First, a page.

(Author’s note: Nothing again. Have a great week, and enjoy today’s fictioneers…with a song that many of you will likely never have heard, but will fall in love with.)
© Roger Bultot
Love Is A Mystery
by Miles H. Rost
He sat at the counter of the diner, waiting for the other customers to leave. He’d be the last customer in there before the sign was flipped closed.
He took his last sip of coffee, when he heard the clicking of heels got closer.
“Miranda, it’s good to hear your shoes again.”
Miranda snorted, as she helped her date from the counter chair.
“No luck finding someone new?” she asked with a sneer
“Nah. Just found myself down here. Waiting for you to come get me.”
She smiled. She didn’t know why, but she just couldn’t give up him up.
(Author’s Note: None. Just enjoy today’s fictioneers! And Happy Mother’s Day to all the moms.)
© Rochelle Wisoff-Fields
The park was full of them. Each and every one of them a precious life.
It was always this way after the first warm-up of the season. Kids in their sweatshirts and jeans were playing. It was great for us adults to see.
I just turned onto 45th when the sun blazed between the two large buildings ahead. I squinted and got my visor down as quickly as possible.
That’s when I heard the thump.
Then the screams.
I stopped my car immediately, got out, and looked behind me.
She wore orange that day. I didn’t see her.
She was 12.
R.I.P. Roberto Concina (aka Robert Miles)
In Korea, today is known as Buddha’s Birthday. While I am not a follower of Buddha, I am thankful that the Koreans gives a national holiday off. Now if only they could give tomorrow off…but that’s asking too much. Here’s today’s fictioneers.
© Sandra Crook
by Miles H. Rost
Brock ran into the portico, looking around quickly.
The vacation was supposed to be a dream. Perth, Australia was to be a dream for Brock Adamson. A dual citizen of France and Canada, he was easily waved into the country on his tourist visa.
And after only a couple days, on the run due to his past. A past that had two men following him and nearly taking off one of his legs.
He ran inside the building, and looked at the receptionist.
“Mademoiselle, I need safety. I’m being chased.”
“We know. We’ve been waiting.”
(Author’s Note: My job is a tough one. It doesn’t leave me with much time to actually spend writing more things. I come home from work, and I am really tired. We’ll see what happens. In the meantime, here’s today’s fictioneers.)
© Liz Young
Grandpa was never the same after we discovered the faded tombstone out back.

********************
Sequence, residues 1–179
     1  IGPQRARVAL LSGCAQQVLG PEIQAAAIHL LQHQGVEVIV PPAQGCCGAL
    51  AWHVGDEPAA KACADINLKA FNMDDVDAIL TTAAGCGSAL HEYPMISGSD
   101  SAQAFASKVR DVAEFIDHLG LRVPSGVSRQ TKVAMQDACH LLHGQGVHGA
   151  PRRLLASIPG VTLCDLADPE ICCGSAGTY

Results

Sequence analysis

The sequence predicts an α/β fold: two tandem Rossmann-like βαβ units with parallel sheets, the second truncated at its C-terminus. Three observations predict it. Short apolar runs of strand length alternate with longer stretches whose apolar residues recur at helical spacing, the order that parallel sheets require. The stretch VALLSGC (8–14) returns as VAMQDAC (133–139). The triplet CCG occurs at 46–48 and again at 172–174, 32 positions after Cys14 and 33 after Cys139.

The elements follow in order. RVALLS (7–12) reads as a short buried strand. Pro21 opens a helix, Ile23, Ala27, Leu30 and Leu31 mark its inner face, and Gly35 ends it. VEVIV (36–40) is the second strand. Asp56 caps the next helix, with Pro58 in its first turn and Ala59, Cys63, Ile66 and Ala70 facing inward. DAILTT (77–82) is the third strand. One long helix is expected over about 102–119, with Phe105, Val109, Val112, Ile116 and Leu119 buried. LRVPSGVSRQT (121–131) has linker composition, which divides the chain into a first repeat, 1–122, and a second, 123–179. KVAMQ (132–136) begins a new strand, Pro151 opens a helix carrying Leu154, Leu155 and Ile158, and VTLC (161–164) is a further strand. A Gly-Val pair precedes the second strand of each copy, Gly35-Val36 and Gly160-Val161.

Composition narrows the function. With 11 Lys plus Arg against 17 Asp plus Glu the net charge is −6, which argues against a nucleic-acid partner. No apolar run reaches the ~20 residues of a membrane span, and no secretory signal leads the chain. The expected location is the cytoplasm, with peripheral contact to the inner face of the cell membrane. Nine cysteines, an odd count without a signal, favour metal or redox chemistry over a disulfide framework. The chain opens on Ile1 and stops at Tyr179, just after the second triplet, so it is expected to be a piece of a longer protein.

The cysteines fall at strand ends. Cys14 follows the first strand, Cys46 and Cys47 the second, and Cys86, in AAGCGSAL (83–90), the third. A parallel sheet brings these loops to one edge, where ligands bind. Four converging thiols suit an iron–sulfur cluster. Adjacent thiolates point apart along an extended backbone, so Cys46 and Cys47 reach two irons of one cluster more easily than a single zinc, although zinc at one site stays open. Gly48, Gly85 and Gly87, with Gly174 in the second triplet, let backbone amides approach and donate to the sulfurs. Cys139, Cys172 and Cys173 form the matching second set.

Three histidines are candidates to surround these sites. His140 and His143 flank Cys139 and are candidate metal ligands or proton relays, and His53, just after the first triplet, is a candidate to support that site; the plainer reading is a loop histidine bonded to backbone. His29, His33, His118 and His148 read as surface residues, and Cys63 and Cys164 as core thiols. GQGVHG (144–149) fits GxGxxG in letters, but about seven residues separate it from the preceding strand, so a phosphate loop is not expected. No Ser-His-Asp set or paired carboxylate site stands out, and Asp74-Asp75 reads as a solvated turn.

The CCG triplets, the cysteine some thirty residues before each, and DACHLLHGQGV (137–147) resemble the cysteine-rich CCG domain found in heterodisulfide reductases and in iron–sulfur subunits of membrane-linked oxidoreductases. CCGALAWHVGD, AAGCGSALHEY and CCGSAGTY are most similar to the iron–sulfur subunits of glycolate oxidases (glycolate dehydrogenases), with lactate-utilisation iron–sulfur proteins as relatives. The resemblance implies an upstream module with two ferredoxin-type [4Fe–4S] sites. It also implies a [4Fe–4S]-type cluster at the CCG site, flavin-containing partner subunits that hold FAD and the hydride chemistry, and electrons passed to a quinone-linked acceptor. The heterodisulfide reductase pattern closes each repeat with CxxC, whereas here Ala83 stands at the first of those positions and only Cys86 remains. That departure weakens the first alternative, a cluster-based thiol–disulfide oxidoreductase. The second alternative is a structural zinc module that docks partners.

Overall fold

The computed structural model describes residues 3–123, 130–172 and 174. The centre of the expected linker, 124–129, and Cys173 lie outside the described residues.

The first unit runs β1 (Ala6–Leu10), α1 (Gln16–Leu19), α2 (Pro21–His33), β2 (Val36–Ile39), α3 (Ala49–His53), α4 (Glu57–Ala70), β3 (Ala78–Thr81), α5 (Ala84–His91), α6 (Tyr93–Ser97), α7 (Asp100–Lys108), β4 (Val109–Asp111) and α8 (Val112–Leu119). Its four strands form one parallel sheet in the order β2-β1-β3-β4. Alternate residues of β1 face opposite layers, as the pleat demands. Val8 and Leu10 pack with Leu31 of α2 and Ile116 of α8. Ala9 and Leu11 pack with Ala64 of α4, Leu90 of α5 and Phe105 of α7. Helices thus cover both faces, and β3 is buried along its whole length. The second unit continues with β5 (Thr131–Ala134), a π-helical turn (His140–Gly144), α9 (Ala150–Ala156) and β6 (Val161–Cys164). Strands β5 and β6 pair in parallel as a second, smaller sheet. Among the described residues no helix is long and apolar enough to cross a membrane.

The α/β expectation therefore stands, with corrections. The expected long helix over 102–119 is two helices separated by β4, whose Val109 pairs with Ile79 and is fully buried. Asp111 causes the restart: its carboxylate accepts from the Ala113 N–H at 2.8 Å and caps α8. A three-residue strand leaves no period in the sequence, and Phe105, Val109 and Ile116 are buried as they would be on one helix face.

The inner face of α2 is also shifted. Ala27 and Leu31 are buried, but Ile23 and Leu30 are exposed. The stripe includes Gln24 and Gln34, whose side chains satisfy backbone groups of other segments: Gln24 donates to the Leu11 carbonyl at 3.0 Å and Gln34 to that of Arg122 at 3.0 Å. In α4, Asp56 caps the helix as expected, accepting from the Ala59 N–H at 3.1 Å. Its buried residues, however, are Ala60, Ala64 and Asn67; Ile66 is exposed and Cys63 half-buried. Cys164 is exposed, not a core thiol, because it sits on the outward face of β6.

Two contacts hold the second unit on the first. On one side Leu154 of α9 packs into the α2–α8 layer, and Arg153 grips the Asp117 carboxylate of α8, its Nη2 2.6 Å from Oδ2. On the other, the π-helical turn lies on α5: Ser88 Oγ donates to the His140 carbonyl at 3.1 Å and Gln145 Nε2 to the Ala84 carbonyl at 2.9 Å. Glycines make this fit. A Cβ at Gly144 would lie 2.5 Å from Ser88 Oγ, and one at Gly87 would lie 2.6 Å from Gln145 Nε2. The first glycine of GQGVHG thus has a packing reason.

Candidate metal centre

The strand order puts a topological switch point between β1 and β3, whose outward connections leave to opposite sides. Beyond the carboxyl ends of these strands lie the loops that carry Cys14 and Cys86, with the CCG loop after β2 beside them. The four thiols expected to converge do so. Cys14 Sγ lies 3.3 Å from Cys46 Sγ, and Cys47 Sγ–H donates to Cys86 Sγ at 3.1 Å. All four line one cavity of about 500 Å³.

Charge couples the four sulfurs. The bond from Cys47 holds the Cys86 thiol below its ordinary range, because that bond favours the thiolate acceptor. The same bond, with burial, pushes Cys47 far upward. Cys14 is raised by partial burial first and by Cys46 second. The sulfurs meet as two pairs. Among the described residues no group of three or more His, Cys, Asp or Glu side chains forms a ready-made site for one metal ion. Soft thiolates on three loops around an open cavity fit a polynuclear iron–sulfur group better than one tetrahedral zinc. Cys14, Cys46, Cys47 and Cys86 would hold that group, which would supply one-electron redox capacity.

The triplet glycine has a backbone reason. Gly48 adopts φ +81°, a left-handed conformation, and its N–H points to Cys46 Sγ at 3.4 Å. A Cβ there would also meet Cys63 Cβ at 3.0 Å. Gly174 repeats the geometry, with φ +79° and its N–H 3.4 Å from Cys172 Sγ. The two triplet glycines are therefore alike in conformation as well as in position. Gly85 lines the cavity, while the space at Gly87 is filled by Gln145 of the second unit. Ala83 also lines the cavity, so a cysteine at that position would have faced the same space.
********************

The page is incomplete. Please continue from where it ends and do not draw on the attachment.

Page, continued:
“I loved her. Love was the only crime I was guilty of. They can’t take that!”
We didn’t know what happened, but the words “throat cancer” and “1965” were constantly on his breath.
For weeks, he wouldn’t do anything except sit on the bench near the makeshift grave he made all those years ago.
One morning, we walked outside to see him hugging the gravestone.
“Grandpa, breakfast is ready!”
We walked over to shake him. He was cold, and he was gone.
(Author’s Note: I have one or two things that need to be addressed this weekend, but I am planning to work on some new longer works coming up soon. Otherwise, here’s today’s fictioneers…if you dare read…)
© Magaly Guerrero
“Eric, you better come home this instant!”
“But, honey! I just got a promotion, and the boys are celebrating.”
“Not tonight you aren’t. You may have been promoted, but you’re still my husband. Get back here now!”
“If you don’t come home, I’m putting on the red shoes.”
“Yes, Eric honey?”
“You don’t have to put on the red shoes. Or the red dress tonight. I’ll be home shortly.”
Roxanne sat back, chuckled as she looked at the box with the magic butt-kicking shoes inside.
“Best five dollars I ever paid.”
(Author’s note: After having 2 and a half of the toughest weeks that I’ve ever had, including fighting off illness and dealing with a crapton of stress that just wouldn’t quit, I’m largely doing okay. Here’s Today’s fictioneers.)
by Miles H. Rost
The couch was the point of no return.
Harvey sat, his legs curled up underneath, exhaustion seeping from every pore of his body.
It was so bad, he couldn’t eat properly. The gourmet pizza, and bottle of expensive wine, sat barely touched on a counter. He could eat it later, but by that time, the wine might have turned to vinegar.
He sat, staring at the blank wall in front of him, the couch being his place of refuge.
He wanted out of his life, but had to return to the 9 to 5 the next morning.
In his exhaustion, he cried.
(Author’s note: None. Enjoy the Fictioneers!)
© Jellico’s Stationhouse
by Miles H. Rost
Ron Bellio wheeled up alongside his pals, his small wire bike with big monster wheels in the back overshadowing the others.
“Hey, Ronny! Where’d you get the mutant?”
“Oh, the bike? Yo mamma!”
“What you say?!”
The sound of teasing filled the air, along with laughter and music as they rode down the street.
“Did you hear about Ali?”
“What about her?”
“She hit number one on the dance charts!”
“Auntie Ali?! Fat Ali?!”
Ron looked at his friends, smirking that his friends were talking about his cousin.
“You shouldn’t call her fat. She’s got more muscle than all you now.”
Alison Moyet, of the duo “Yazoo” (aka Yaz)